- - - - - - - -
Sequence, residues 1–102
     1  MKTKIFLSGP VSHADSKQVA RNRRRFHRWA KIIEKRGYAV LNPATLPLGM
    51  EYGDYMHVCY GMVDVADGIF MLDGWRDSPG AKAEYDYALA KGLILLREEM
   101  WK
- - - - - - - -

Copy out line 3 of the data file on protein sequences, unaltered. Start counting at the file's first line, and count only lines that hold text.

    51  EYGDYMHVCY GMVDVADGIF MLDGWRDSPG AKAEYDYALA KGLILLREEM